RC freshman Rob Linn disagreed.
"It's a little too far," said Linn, smoking a cigarette
outside East Quadrangle. "This resolution sucks."
A bill introduced in the state House and the
Senate last April would ban smoking in all public
Continued from page 1A
The state chapter did not respond
to phone calls asking for comment.
In the letter, she said she has never
been one to "settle for garbage that is
handed down to (her) ... and to walk
around, representing an organization
that has done so ... is unbearable."
Moffett and Riana Anderson, pres-
ident of the campus chapter of the
NAACP, both refused to comment.
The state chapter's "actions have
continuously proven to be jealous and
petty," Moffett said.
Moffett also hinted at internal con-
flict within the NAACP: "The fact
that we have yet to inform our mem-
bership about what is going on within
our organization is wrong."
Moffett's presence will be missed,
said LSA sophomore Raheam Shal-
hout, a member of the NAACP.
"Alex Moffett was a great candi-
date," he said. "I voted for her."
Continued from page 1A
one that demands respect.
Even though they advanced to the Super Bowl
as the No. I seed in the NFC, the Seahawks enter
the game as four-point underdogs. Their oppo-
nent, the Pittsburgh Steelers, is a wild card team
that was the AFC's sixth seed.
The Steelers are set to fly into Detroit Metro
Airport on a charter flight at 10 this morning.
Their arrival is closed to the public.
Seahawks quarterback Matt Hasselback said
that when the NFL announced Detroit was the
host, he heard people complain it was going to be
cold and that, together with a number of other of
factors, made the city a poor choice.
Hasselback said he thought differently.
"My immediate reaction was: 'Are you kid-
ding me? It's the Super Bowl,' " Hasselback said.
"Why does that matter what the weather's like?
I've actually been to Detroit a few times before,
and I liked it here."
Mack Strong, the Seahawks' Pro Bowl full-
back, has been with the team for 13 years, more
than any other player. He said that until the
Seahawks' pep rally this morning at Qwest Field,
it never really set in that he was heading to the
"This is the most exciting time of my life, pro-
fessionally," Strong said. "That's the only way I
can describe it."
About 15,000 of their now notoriously rabid
fans cheered for the team at the field before they
boarded the plane, Strong said.
Holmgren jokingly described the plane ride
from Seattle to Detroit as "very rough."
Paul Allen, the team's famously rich owner who
made his living by co-founding Microsoft, bought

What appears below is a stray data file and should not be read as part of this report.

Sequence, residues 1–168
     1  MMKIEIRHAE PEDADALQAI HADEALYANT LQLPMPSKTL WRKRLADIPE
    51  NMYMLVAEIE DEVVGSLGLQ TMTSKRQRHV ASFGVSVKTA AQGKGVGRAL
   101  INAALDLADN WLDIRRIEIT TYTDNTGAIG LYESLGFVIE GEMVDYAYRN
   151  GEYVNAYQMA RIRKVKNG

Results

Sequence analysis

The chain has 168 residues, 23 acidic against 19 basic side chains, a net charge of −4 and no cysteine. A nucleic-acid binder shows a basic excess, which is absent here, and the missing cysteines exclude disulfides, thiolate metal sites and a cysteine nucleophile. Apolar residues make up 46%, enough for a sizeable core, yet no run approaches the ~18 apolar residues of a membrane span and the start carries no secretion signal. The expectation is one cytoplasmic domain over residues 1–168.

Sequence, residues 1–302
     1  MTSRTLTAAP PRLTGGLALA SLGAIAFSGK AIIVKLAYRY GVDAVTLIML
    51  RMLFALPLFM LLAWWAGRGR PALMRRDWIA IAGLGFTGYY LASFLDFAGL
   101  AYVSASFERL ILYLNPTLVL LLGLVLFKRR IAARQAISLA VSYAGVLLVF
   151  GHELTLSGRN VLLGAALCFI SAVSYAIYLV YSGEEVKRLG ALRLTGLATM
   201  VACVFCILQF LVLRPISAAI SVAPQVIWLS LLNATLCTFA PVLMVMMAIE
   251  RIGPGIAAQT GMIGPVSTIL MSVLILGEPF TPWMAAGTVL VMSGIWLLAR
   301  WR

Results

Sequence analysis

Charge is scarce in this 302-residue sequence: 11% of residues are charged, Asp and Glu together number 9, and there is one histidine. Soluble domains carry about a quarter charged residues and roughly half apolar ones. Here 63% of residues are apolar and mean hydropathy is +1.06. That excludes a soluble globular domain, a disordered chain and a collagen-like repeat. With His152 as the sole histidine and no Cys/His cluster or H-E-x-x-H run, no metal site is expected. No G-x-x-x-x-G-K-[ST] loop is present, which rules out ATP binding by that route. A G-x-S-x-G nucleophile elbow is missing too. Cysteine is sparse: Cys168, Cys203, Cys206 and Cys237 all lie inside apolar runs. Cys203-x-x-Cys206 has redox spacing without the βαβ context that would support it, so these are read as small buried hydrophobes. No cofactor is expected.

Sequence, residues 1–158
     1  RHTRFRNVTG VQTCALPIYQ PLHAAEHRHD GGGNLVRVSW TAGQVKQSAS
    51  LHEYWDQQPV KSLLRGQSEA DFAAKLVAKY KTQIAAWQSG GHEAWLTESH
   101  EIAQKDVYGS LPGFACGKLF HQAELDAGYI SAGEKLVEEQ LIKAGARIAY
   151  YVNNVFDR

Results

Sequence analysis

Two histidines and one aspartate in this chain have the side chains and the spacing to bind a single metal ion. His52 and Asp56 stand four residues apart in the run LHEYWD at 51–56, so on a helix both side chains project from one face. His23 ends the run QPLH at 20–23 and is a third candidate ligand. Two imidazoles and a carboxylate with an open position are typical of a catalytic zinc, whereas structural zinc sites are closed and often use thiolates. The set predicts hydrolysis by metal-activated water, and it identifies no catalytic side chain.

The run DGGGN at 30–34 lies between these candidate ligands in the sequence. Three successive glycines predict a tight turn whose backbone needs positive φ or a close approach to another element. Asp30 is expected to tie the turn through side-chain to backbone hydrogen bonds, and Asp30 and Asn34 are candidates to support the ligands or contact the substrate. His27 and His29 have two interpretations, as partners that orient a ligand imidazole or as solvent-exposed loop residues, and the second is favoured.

a plane for the team to use for travel. Holmgren
said he slept most of the way, but added that the
plane is equipped with "all these electronic gad-
gets." All the seats are first-class seats, and the
flight crew was the same they've had all year, mak-
ing the entire trip very comfortable, he said.
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For Monday, Jan. 30, 2006
(March 21 to April 19)
Yesterday's New Moon made you
think about friendships. Today you're
wondering what your true feelings are
for others, and vice versa.
(April 20 to May 20)
If you have any sense of destiny for
yourself, what is it? What do you want
others to think or say about you after
you're gone? What qualities do you want
(May 21 to June 20)
You feel a need to understand more
about the world, especially cultures and
countries that are different from yours.
After all, we're all in this Big Soup
(June 21 to July 22)
Something or someone will make you
think very deeply about your values
today. Never underestimate the impor-
tance of kindness in your daily life.
(July 23 to Aug. 22)
Deep-rooted feelings you have about
partnerships and close friendships could
surface today. Try to understand these. If
you don't, you're driving in the dark.
(Aug. 23 to Sept. 22)
(Oct. 23 to Nov. 21)
This is the perfect day to clean up
garbage and unneeded or unwanted
items at home. Clean up laundry areas,
and everything to do with the plumbing
(Nov. 22 to Dec. 21)
Take a moment to scrutinize your feel-
ings for siblings, neighbors and rela-
tives. Don't just gloss over things. These
people are in your life. What are your
feelings for them?
(Dec. 22 to Jan. 19)
Make friends with your financial situ-
ation. Don't live in the dark about it.
Find out what you own and what you
owe. Get facts and figures.
(Jan. 20 to Feb. 18)
Think about how you can improve
your health by losing weight or cutting
back on some harmful habits. (It's easier
to stop a bad habit than it is to start a
(Feb. 19 to March 20)
If you feel vaguely worried about
something, make a worry list. Bring your
fuzzy, doubtful thoughts out into the
open. Then you can deal with them!
YOU BORN TODAY Even if you
think you aren't, you're actually quite